Politics is central to inequalities. The balance of power and influence over the political process may be of concern in and of itself, and it can also affect a range of other social and economic inequalities by shaping policy priorities. In turn, inequalities in other domains – such as in economic power – can easily reinforce themselves by shaping political influence.
At this online event, as part of the IFS Deaton Review of Inequalities funded by the Nuffield Foundation, we present and discuss findings from major new work on political inequalities. Questions addressed will include: Why do political inequalities matter? How are voting patterns changing, and how is changing the relationship between socio-economic inequality and political influence? Has policy responsiveness to different forms of inequality changed over time, and if so how? Who is represented in politics, how is this changing, and what impacts does this have on voting behaviour and on policy choices?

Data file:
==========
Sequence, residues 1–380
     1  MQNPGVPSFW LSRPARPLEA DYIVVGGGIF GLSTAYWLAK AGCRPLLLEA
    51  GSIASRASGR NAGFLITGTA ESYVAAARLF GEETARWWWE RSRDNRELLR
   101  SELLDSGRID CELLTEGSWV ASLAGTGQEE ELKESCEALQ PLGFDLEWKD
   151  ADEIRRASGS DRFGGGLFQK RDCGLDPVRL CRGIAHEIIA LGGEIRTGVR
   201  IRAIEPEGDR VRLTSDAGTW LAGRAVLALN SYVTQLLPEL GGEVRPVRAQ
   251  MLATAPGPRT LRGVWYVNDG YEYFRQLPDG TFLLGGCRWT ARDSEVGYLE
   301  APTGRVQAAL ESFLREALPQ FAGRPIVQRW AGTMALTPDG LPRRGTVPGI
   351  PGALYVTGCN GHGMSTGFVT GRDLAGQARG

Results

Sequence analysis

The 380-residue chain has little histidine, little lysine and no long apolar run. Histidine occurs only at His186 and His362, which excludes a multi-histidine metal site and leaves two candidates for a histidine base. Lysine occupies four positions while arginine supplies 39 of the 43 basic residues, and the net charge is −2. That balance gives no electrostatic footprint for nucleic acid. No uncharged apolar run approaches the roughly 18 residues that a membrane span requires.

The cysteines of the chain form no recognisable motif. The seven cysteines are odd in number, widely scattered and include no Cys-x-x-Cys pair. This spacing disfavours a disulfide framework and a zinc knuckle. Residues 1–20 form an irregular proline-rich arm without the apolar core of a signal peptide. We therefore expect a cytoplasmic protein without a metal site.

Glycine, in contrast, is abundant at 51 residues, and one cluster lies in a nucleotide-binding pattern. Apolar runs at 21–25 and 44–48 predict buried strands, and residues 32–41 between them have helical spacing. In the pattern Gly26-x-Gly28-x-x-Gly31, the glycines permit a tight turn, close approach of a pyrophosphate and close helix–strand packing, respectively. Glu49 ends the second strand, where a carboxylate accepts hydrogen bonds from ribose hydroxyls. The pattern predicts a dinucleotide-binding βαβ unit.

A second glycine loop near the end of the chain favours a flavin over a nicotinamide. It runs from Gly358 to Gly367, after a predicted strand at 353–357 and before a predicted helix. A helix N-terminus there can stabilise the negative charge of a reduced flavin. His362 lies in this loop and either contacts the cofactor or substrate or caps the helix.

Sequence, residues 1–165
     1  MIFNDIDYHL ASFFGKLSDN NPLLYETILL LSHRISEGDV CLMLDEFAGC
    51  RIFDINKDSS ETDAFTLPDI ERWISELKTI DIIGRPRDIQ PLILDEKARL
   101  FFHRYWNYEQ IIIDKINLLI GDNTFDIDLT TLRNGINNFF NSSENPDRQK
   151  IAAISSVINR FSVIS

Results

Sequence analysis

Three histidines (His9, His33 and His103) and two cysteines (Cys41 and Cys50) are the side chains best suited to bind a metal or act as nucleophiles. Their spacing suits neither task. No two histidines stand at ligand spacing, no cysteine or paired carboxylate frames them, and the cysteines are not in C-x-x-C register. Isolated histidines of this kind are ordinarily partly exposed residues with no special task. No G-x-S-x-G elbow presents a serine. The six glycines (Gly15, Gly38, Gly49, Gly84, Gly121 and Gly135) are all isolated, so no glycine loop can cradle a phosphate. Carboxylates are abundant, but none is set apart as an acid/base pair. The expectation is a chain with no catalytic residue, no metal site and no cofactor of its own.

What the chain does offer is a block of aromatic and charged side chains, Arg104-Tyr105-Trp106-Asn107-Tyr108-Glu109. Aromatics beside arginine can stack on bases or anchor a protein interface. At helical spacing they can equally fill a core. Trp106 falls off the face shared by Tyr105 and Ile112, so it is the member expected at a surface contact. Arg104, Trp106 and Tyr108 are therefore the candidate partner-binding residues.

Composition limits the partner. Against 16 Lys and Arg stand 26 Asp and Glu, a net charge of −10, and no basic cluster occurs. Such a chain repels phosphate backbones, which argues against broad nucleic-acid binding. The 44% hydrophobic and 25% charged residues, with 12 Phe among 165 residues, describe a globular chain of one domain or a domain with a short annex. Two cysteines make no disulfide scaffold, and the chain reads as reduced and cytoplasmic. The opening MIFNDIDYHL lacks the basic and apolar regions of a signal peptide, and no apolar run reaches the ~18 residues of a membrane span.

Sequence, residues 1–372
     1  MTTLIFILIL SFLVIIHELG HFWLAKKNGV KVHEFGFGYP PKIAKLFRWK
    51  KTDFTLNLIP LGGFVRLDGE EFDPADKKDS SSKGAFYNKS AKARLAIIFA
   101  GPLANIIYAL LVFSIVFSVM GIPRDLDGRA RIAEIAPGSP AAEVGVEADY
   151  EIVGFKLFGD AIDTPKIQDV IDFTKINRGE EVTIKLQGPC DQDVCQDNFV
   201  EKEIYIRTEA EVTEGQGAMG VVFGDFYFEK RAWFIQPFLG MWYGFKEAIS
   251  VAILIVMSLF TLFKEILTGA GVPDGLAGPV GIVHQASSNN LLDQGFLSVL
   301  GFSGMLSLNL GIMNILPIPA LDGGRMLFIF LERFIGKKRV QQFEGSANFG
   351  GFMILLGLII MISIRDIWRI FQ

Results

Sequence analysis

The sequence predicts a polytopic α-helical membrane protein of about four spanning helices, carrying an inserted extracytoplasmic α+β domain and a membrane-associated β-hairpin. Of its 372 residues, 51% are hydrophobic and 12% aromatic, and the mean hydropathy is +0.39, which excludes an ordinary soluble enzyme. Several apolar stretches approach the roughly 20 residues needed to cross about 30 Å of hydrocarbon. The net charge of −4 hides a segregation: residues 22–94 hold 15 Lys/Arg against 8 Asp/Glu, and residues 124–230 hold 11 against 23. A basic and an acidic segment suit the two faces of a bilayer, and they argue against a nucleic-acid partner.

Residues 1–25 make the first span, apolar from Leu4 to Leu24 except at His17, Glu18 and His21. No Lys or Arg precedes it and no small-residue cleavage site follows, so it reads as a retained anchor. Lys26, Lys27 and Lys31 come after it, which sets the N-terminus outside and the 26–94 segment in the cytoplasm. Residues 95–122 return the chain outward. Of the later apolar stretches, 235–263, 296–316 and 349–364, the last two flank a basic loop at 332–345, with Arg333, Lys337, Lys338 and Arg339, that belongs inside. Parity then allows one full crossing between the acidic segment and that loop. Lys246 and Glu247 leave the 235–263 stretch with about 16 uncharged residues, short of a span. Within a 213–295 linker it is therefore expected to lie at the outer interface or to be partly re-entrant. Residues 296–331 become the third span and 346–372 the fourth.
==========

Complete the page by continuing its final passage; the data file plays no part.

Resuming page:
The event will be chaired by Sir Tim Besley of the LSE and the IFS Deaton Review panel, and will feature talks from:
• Ben Ansell, University of Oxford
• Jane Gingrich, University of Oxford
• Julia Cagé, Sciences Po